The warming of the oceans may become the “greatest hidden challenge” of our generation, a major new report has warned.
The 456-page document, published by the International Union for Conservation of Nature (IUCN), describes the effects of the huge amount of energy that has been absorbed by the sea in recent decades.
The scale of the changes is potentially huge affecting marine life from viruses, bacteria and plankton, fish and seabirds to the climate, weather and human health.
A vast amount of heat and carbon dioxide has been absorbed from the atmosphere by the oceans and there are fears of devastating consequences for the marine ecosystem – and, in particular a decline in fish stocks at a time when the world’s population is growing dramatically.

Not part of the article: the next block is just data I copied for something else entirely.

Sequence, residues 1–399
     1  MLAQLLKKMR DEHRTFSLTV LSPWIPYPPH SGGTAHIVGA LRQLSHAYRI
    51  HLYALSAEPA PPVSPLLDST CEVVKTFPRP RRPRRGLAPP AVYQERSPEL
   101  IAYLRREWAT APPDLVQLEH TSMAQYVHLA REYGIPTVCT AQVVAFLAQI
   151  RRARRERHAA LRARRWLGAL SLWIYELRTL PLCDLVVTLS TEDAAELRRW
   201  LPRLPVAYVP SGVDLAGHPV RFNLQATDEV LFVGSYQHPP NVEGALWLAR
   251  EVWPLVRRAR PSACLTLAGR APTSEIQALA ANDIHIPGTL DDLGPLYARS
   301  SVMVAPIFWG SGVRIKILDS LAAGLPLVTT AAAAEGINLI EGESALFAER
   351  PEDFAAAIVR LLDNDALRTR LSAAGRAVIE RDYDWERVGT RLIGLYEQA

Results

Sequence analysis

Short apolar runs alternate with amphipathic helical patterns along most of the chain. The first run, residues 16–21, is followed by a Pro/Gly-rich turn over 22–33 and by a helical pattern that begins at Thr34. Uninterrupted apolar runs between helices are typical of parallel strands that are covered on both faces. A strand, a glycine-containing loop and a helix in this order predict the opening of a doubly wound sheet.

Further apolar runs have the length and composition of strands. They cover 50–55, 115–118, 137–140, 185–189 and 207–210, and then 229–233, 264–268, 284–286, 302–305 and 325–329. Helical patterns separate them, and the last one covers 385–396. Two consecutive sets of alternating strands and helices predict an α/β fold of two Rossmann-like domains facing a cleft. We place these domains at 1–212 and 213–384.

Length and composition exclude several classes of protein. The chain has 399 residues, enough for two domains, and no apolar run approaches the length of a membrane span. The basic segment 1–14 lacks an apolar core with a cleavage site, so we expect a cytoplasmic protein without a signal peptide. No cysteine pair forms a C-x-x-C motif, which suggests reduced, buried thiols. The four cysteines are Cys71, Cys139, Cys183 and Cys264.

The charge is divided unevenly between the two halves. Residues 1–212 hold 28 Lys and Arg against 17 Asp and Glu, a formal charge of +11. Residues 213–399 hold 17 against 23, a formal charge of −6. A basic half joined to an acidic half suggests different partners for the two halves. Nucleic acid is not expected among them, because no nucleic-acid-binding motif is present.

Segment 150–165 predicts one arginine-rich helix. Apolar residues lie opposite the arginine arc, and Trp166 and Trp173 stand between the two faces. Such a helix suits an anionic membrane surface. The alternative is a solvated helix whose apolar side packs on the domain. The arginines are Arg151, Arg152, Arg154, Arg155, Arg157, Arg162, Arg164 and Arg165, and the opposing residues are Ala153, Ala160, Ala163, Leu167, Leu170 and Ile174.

There is already evidence that plankton species, fish and other creatures are on the move in search of cooler temperatures.
Inger Anderson, the IUCN’s director general, said: “Ocean warming is one of this generation’s greatest hidden challenges – and one for which we are completely unprepared.
“The only way to preserve the rich diversity of marine life, and to safeguard the protection and resources the ocean provides us with, is to cut greenhouse gas emissions rapidly and substantially.”
Her warning was echoed by Sir David King, the UK Foreign Secretary’s special representative on climate change.